You can also ask what further help may be available. Many energy companies are now making additional support available, including grants, for their vulnerable customers and those struggling financially. I don’t think they’re necessarily contacting all customers to let them know such support is available which is really disappointing, so please do check online for further information and ask your supplier directly.
Also, as part of the Energy Company Obligation, companies should help those who need it the most by installing energy saving measures in their homes. There are certain requirements that need to be met and you can see if you’re eligible here.
Through this scheme, you may be eligible for help with the likes of cavity wall insulation or the replacement of an inefficient boiler. Some improvements may be offered for free, or you may be asked to pay towards them. You won’t pay for an assessment of your home and your needs, and you can always decline any improvements if there’s a cost involved that you’re not happy with. This scheme is through the energy companies themselves, it’s not a government scheme. If you’re not eligible or your supplier doesn’t offer the help you need, you could contact your local council authority to see if there are other avenues of support available.
Energy costs are going to be a big hurdle for many and there’s only so much you can do to manage your finances when your bill is sky-high. Please don’t struggle alone and do consider asking for help to see what may be available.
Do you think the government support is enough? Do you have any other tips for saving money on your utilities and energy bills?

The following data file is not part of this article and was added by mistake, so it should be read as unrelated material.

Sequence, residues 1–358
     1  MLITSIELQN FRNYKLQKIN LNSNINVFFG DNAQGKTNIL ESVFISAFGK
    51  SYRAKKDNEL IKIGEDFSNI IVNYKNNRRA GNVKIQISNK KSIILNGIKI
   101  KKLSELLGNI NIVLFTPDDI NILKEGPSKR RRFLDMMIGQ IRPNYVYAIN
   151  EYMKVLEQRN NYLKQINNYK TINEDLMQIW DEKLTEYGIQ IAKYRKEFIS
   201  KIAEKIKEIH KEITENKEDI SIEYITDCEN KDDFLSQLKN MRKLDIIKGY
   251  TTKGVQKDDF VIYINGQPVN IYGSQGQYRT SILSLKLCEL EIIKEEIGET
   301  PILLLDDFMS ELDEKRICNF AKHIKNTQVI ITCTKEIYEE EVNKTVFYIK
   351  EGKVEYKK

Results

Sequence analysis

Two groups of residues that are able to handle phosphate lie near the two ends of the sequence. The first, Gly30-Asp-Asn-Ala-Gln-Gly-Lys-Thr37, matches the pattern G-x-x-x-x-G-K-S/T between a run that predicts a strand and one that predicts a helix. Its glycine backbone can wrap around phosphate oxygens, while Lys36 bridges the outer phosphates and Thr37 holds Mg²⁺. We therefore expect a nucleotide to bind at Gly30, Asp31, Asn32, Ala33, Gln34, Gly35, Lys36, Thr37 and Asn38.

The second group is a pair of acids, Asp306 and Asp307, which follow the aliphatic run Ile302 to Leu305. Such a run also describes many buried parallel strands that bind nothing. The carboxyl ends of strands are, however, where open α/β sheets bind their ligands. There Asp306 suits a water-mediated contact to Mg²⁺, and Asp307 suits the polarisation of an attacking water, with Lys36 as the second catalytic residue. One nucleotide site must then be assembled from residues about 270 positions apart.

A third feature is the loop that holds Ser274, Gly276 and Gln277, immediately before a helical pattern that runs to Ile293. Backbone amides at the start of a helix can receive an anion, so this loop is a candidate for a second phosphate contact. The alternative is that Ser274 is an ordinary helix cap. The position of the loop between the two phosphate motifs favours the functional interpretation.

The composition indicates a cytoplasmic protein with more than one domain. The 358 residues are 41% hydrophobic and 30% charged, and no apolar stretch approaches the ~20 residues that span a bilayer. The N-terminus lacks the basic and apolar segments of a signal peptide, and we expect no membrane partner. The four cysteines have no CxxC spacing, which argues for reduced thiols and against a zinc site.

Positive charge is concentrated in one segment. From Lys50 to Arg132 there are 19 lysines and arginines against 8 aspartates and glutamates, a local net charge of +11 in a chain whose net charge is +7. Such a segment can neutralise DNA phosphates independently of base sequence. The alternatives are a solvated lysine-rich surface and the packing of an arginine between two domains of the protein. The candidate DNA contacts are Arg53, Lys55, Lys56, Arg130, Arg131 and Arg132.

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The ways you list to save on energy costs are excellent, even if one is not on a tight budget. Mohammad once said that is it a sin to waste water even in times of abundant rain. The Bible teaches that God gave us “dominion” over creation, but not to abuse it, but as tenants to use it wisely as we should for the “true Owner.”
❤️& 🙏, c.a.
Thanks, C.A, I’m glad you like the post and tips. I like to think that every little thing can add up, though it’ll look different for everyone – so households will find many ways they can reduce waste and cut costs, but there will also be some people will find they’re doing everything they can already to cut costs and there’s very little wiggle room to save more. Being frugal is a good thing, but it worries me that there will be people will be not using heating when they’re unwell/elderly and freezing, or will skip using the oven for a hot meal because of the cost. I do it too. It people are struggling now, the real winter months will only make the situation worse. Thank you for the comment! x
You have so many great tips here to save on energy. Thank you for always looking out for us, Caz. Looking forward to part 2.
Thanks, Kymber – I’m glad you like the post! I’m sorry this is UK-based, I considered doing UK & US but then I’d feel bad for leaving out other countries. Plus, I’m finding it quite hard to see what schemes are available in the US so I’m hoping the prices are either not rocketing quite so much or that there are schemes to help ease the burden for businesses and households. x
This is such a worrying time for so many people and, despite giving some people help, this government really doesn’t care. I’m glad you said “income-related benefits” are getting the £650 help. So many tv programmes, news and newspapers just say, “people on benefit” and they are so wrong. My benefit is contribution-based so I am not entitled to any of that help. I’m in a fortunate position just now that I can manage, but many other people on the same benefit cannot. Someone said that contribution-based means that they think you are just off sick from work. In that case, I have been off sick for 28 years.